They all shared a beautiful last dinner and evening together at John’s condo the night before Thanksgiving, passing wine and/or scotch as they told stories, laughing and in turns getting emotional, but no one giving way to a meltdown. There was the same loving interaction at breakfast on Thanksgiving morning. Then, with dignity, courage, and grace, at the exact time he’d chosen, nine o’clock, John, now in a wheelchair, calmly took the first dose, a powerful antinausea medication. Then the family had their last good hour together, still talking, still connecting.

An hour later, John said, “It’s time.” 

The family wheeled him into his bedroom, all holding his hands or touching him, saying how much they loved him, expressing gratitude for his life and gifts to them, before unassisted and without flinching, he drank the glass of fatal medication as prescribed under CA law (sharply bitter tasting and hard to get down, he’d been warned, and the reason for the advance antinausea pill). He lay back, closed his eyes, opened them twice momentarily to look at his life partner, closed them for the last time, and then appeared to be in a coma. His breathing slowed and became somewhat labored, but there was no sign of any struggle or suffering at all — everyone agrees. It was so much like life on a gentle slide into death that they weren’t even sure when John took his last breath. It was that seamless, that merciful.

His daughter called the hospice person to come and pronounce; John’s family sat with his body until he came, within an hour, to sign the death certificate and call the funeral home to come take John’s body for cremation.

Later that day, the family got themselves together and cooked a Thanksgiving dinner to share in John’s memory, his honor, and in gratitude for what he’d given them.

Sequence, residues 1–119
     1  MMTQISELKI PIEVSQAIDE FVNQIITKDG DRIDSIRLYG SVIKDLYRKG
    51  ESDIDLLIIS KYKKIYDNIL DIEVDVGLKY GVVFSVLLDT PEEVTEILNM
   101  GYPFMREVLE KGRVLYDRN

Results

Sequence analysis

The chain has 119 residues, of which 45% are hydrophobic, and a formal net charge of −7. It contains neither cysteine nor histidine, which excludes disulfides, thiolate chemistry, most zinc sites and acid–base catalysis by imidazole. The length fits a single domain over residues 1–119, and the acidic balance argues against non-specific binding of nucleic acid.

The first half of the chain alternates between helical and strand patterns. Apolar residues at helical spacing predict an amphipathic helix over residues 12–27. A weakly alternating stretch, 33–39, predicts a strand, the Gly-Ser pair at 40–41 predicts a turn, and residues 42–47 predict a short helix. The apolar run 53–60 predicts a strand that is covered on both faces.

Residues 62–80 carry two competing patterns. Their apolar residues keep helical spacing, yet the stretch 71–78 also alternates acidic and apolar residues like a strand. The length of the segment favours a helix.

I share this story not for its inevitable sadness, but because each act was profound and meaningful. John wanted to preserve his autonomy, and he did so with unwavering courage, dignity, and grace. He had the choice. No one asked him to make that choice; it was his alone. Once made, everyone who loved him supported him without hesitation, accepting his last gift to his family. John not only spared himself the suffering of a prolonged and agonizing death, he protected his beloved partner, children, brothers, and extended family from enduring that pain.

Not everyone could or would make that difficult choice. I understand that. Nor is it appropriate for everyone. But I believe it should be a choice available for anyone whose diagnosed terminal circumstances make them eligible if they meet legal criteria and want the choice. However, currently only 13 states have Right To Die laws in place. 

Science has provided what once seemed like miracles in so many fields, medicine prominent among them. Physicians have the skill and means to prolong life as well as save it; possibilities of remission are developed and refined all the time. Some of those means also involve reduced time for active living and enjoyment for years — and sometimes, as we all know — ultimately prolong suffering during a long diminishment. 

 John made a different decision for himself. One that allowed him to remain in control of his life — and his impending death. No one influenced him; John was an independent thinker. But no one objected or got in his way, not his family or close friends. And not the government. Because he lived in the right place at the right time, and science had given him a way to live and then to die on his own terms. And the choice was legally available. He made that choice, and it was pure mercy. 

Social issues are thematic concerns of many of Lynne Hugo’s ten novels. The Language of Kin deals with the ethical issues within a fictional zoo as well the limits and possibilities of human communication.